Pause for Thought with Ray Dadswell: Concern for the individual

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‘More than just a song’, is the way they advertise themselves.

Who are we talking about? The YMCA, no less.

So much going on in their world at the present time, it seems.

According to newsletters of the YMCA, Eastbourne and Wealden branch, their members are heavily involved in a great variety of initiatives.

These include providing housing for vulnerable, high-risk, homeless young people in four residences here and in Hailsham; Charlie’s Youth Access Centre; educating students in schools and FE colleges on the issue of homelessness and the reality of independent living; Community Youth Engagement project – arranging activities and sports sessions for 11-18 year olds; an expedition to South Africa (‘Inner Journey’), which encompasses a programme of experiential learning in the areas of conservation, environmental awareness, cultural diversity, HIV/AIDS and youth justice.

Quite a mission!

Susie Blundell, Chaplain, would agree. She is a fairly recent addition to the team in this role, it transpires, and is excited about the work she is called to do. Previously a trustee, then a member of staff, she is very much a ‘hands-on’ person. A graduate in law and criminology, Sheffield


Susie once worked for the probation service, so has a built-in interest in and concern for the needs of the individual.

“My remit is to spend time with young people, giving them an opportunity to talk about faith and spirituality, among other issues. Holistic care is so important. I tell my contacts: ‘If you’ve got questions, information is available.’”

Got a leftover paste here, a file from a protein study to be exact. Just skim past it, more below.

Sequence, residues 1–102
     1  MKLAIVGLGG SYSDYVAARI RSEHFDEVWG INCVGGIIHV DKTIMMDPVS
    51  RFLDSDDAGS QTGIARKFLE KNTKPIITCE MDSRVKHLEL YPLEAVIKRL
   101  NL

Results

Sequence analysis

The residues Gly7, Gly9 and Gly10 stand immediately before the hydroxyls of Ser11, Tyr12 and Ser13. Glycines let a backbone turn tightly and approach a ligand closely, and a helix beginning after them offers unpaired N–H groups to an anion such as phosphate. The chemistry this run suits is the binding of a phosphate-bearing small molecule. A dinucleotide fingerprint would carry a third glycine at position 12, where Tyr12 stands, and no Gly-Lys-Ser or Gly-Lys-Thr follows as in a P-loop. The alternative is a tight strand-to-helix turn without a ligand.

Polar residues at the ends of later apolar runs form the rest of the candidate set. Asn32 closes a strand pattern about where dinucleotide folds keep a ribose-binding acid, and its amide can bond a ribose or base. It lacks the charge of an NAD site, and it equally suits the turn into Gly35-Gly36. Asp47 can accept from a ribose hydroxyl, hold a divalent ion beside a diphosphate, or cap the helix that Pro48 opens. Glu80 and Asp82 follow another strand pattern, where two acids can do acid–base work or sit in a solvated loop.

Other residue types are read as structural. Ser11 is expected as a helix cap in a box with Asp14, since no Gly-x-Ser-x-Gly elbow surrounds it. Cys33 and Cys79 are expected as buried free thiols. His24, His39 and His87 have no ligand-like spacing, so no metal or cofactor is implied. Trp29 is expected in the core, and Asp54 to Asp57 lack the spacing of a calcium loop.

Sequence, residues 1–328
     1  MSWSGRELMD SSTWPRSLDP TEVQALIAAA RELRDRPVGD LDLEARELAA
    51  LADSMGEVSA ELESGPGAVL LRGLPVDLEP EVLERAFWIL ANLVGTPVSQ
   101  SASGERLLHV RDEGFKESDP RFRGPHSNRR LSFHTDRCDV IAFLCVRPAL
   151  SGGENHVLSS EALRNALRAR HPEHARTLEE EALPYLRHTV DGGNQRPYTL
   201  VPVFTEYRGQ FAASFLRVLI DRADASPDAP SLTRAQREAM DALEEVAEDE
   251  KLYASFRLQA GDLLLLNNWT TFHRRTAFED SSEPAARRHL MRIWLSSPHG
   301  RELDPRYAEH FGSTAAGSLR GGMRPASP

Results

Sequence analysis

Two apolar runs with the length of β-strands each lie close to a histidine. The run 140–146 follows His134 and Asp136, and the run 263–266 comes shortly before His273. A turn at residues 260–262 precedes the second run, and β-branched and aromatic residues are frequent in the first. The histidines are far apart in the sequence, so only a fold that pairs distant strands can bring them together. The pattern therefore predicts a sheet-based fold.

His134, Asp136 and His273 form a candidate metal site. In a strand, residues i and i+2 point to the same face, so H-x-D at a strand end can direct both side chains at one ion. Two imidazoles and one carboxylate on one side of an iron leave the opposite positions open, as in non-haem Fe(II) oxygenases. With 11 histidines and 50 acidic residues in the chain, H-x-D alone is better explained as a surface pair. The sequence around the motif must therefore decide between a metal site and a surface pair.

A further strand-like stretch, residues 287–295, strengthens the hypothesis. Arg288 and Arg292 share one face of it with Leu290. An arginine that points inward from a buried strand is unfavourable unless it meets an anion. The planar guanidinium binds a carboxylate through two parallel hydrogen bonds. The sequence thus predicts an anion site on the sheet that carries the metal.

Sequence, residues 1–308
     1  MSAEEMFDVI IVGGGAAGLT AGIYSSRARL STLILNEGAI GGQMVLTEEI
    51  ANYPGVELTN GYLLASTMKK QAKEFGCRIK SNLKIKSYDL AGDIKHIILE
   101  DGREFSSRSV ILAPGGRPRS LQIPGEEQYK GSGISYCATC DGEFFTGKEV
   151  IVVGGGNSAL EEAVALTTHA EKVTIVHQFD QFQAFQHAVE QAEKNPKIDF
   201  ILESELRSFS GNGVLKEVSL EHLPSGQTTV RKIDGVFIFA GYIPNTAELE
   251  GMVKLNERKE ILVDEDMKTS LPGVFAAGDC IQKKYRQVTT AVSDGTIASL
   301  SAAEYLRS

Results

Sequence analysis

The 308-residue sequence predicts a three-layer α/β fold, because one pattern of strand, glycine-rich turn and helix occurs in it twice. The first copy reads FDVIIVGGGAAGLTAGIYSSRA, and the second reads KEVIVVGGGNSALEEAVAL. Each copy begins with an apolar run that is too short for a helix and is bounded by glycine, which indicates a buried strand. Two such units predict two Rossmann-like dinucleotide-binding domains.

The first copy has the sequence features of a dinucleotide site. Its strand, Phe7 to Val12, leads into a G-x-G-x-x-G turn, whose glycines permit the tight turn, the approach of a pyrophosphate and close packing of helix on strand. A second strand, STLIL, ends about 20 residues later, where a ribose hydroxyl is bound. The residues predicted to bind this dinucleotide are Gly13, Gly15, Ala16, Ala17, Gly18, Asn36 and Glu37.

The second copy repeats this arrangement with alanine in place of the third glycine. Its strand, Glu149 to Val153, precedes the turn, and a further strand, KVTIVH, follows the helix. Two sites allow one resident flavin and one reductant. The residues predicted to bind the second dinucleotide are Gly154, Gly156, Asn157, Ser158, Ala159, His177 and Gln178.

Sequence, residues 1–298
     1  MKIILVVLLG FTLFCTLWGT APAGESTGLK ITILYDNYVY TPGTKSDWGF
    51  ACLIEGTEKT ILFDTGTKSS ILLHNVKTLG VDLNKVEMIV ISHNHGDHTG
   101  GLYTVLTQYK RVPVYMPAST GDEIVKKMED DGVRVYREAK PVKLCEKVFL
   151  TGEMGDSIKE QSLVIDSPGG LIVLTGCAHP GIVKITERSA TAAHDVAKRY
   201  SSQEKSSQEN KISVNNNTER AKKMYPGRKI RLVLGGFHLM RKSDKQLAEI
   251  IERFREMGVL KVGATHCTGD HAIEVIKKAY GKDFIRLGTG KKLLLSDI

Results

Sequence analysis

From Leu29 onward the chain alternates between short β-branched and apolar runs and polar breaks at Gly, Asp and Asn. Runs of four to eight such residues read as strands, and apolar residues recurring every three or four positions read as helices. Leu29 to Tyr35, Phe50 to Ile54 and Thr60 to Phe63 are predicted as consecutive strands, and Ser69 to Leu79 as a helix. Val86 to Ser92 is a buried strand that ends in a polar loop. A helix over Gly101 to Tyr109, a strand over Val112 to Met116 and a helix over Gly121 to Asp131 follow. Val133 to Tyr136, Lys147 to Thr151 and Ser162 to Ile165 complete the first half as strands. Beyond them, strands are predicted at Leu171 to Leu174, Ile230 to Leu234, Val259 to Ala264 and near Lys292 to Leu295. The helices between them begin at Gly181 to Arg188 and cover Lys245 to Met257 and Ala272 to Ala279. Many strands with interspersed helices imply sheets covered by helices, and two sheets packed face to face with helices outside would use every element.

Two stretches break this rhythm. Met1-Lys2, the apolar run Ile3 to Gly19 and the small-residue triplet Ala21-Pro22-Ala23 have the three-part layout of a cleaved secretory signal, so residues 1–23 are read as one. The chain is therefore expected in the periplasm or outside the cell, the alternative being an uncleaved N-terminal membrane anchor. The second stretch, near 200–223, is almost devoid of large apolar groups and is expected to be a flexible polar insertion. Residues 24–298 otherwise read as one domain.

She is also responsible for connecting with the churches, seeking to raise the profile of the ministry which, even in these difficult days of recession, is still growing.

“I try to take an objective view of things. On occasions, it is exhausting, close to chaos! All our young friends have a story to share and we just get bits of it. We sometimes ask ourselves:

‘How are these people still here?’ They are amazingly resilient and that is truly inspiring.”

Susie delights to share the New Testament chapter known as the Beatitudes (Matthew 5, 1-12).

‘Blessed are the poor in spirit ...

‘Blessed are those who mourn ...

‘Blessed are the meek ...

‘Blessed are those who hunger and thirst after righteousness ...

‘Blessed are the merciful ...

‘Blessed are the pure in heart ...

‘Blessed are the peacemakers ...

‘Blessed are those who are persecuted ...’

She adds her own comment: “We can always identify with one group at some point.

Notice that there is a promise for all ...

‘ ... theirs is the kingdom of heaven.

‘ ... they will be comforted.

‘ ... they will inherit the earth.

‘ ... they will be filled.

‘ ... they will be shown mercy.

‘ ... they will see God.

‘ ... they will be called sons of God.’

Susie Blundell keeps herself extremely busy, what with family commitments as well, but there is obviously a lot of pleasure and fulfilment in her chaplaincy outreach with the YMCA.

Long may it continue. More than just a song!